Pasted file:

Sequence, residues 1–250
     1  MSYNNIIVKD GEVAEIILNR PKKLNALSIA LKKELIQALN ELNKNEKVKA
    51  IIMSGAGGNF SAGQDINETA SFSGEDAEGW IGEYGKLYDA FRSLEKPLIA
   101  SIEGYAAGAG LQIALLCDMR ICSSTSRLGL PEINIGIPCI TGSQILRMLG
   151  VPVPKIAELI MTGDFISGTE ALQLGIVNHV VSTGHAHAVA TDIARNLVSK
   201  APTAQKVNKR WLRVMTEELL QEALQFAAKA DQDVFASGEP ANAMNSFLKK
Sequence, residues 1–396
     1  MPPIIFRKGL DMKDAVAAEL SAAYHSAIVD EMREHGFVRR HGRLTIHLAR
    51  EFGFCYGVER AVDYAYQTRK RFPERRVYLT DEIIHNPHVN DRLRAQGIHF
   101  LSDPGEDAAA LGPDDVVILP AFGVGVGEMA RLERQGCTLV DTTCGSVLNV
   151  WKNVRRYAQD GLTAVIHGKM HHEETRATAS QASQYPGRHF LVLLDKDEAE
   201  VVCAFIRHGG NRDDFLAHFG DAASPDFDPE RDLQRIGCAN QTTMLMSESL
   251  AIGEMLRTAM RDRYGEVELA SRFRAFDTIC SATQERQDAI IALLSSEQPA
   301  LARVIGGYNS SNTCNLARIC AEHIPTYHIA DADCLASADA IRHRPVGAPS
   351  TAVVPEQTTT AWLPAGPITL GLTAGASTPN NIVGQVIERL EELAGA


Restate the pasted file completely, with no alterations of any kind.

Sequence, residues 1–250
     1  MSYNNIIVKD GEVAEIILNR PKKLNALSIA LKKELIQALN ELNKNEKVKA
    51  IIMSGAGGNF SAGQDINETA SFSGEDAEGW IGEYGKLYDA FRSLEKPLIA
   101  SIEGYAAGAG LQIALLCDMR ICSSTSRLGL PEINIGIPCI TGSQILRMLG
   151  VPVPKIAELI MTGDFISGTE ALQLGIVNHV VSTGHAHAVA TDIARNLVSK
   201  APTAQKVNKR WLRVMTEELL QEALQFAAKA DQDVFASGEP ANAMNSFLKK
Sequence, residues 1–396
     1  MPPIIFRKGL DMKDAVAAEL SAAYHSAIVD EMREHGFVRR HGRLTIHLAR
    51  EFGFCYGVER AVDYAYQTRK RFPERRVYLT DEIIHNPHVN DRLRAQGIHF
   101  LSDPGEDAAA LGPDDVVILP AFGVGVGEMA RLERQGCTLV DTTCGSVLNV
   151  WKNVRRYAQD GLTAVIHGKM HHEETRATAS QASQYPGRHF LVLLDKDEAE
   201  VVCAFIRHGG NRDDFLAHFG DAASPDFDPE RDLQRIGCAN QTTMLMSESL
   251  AIGEMLRTAM RDRYGEVELA SRFRAFDTIC SATQERQDAI IALLSSEQPA
   301  LARVIGGYNS SNTCNLARIC AEHIPTYHIA DADCLASADA IRHRPVGAPS
   351  TAVVPEQTTT AWLPAGPITL GLTAGASTPN NIVGQVIERL EELAGA